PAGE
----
Platelet Rich Plasma Therapy

PRP (Platelet Rich Plasma)

Your blood contains all different types of cells, each with a unique function. One of these types of cells, platelets, are uniquely responsible for wound healing and treating injury.

When platelets are more concentrated in one area, the body performs soft tissue repair and regrowth faster and more efficiently.

When should I consider PRP Therapy?

PRP Therapy should be considered when your body hasn't healed itself after an adequate amount of time.

If an injury hasn't healed and you're still experiencing pain, slow healing or weakness at the site then PRP Therapy can be considered by your doctor. If the doctor decides your injury will not respond to PRP alone, stem cell therapy may be recommended.

Will PRP Therapy help pain?

At Synergy Medical Centers, we've seen up to 80% of patients report a reduction in pain, some have even experienced a total reduction in pain and complete healing.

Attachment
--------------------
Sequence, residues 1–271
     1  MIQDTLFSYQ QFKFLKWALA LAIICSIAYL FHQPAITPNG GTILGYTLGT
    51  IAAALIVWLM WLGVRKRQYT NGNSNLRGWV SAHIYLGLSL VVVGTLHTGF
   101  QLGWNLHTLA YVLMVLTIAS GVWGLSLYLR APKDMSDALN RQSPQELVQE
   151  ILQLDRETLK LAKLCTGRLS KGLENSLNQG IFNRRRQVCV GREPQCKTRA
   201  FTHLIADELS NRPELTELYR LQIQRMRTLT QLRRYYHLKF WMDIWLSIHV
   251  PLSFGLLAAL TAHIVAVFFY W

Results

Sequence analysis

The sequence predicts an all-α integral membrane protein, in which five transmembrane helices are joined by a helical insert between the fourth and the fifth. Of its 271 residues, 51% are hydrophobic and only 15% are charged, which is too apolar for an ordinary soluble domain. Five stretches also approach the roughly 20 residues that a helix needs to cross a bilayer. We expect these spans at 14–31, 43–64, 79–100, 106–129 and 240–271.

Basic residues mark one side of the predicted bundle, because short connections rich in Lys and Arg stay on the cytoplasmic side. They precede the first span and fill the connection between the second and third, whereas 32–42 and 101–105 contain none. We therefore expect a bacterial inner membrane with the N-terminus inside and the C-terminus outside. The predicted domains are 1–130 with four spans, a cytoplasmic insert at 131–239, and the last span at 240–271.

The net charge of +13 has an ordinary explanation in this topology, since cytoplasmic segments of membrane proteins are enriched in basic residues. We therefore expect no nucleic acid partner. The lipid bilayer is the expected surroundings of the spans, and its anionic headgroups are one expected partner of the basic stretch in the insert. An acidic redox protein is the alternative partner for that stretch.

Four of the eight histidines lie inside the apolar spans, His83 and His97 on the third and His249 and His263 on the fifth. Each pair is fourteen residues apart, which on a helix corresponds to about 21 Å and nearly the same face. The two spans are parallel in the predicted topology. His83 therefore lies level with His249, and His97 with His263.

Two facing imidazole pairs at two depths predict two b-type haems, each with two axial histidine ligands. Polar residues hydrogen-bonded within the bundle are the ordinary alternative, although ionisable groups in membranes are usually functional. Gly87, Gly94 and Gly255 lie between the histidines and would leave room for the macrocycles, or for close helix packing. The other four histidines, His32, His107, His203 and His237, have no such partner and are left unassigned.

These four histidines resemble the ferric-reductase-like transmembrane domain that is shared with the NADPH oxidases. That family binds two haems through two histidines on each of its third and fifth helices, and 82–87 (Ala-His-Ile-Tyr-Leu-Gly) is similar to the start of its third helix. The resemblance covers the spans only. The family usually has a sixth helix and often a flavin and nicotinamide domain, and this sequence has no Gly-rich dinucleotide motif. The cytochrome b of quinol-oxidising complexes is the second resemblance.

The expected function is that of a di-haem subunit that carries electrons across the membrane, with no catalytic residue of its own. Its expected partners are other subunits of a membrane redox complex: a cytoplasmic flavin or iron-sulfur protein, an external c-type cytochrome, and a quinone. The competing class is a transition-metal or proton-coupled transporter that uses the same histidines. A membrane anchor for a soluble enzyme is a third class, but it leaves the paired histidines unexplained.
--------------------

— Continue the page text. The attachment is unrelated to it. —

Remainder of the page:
If your injury is slightly more serious then a stronger therapy like stem cell therapy will be recommended.

How is the PRP procedure performed?

It's a very simple, non-surgical procedure, that is performed in our office and only takes around an hour.

A small amount of blood will be taken and ran through a centrifuge, separating the blood cells. The concentrated platelets will be separated and reinjected into the site of your injury.

The entire procedure is nearly painless and very quick. Once the procedure is finished, you should notice an improvement between 6-12 weeks, sometimes requiring another treatment after 4-6 weeks. Most patients need very minimal downtime and return to work sometimes as soon as the day following their procedure.

How safe is the PRP procedure?

It's done in a sterile environment and it's a simple safe procedure.

Since the therapy uses your own blood cells, there is no chance of rejection.

PRP therapy treats the following conditions
  • Osteoarthritis of the knee, shoulder, and hip
  • Rotator cuff tears
  • ACL tears
  • Tennis Elbow / Golfer's Elbow
  • Tendinitis
  • Ligament sprains
  • Shoulder pain
  • and more...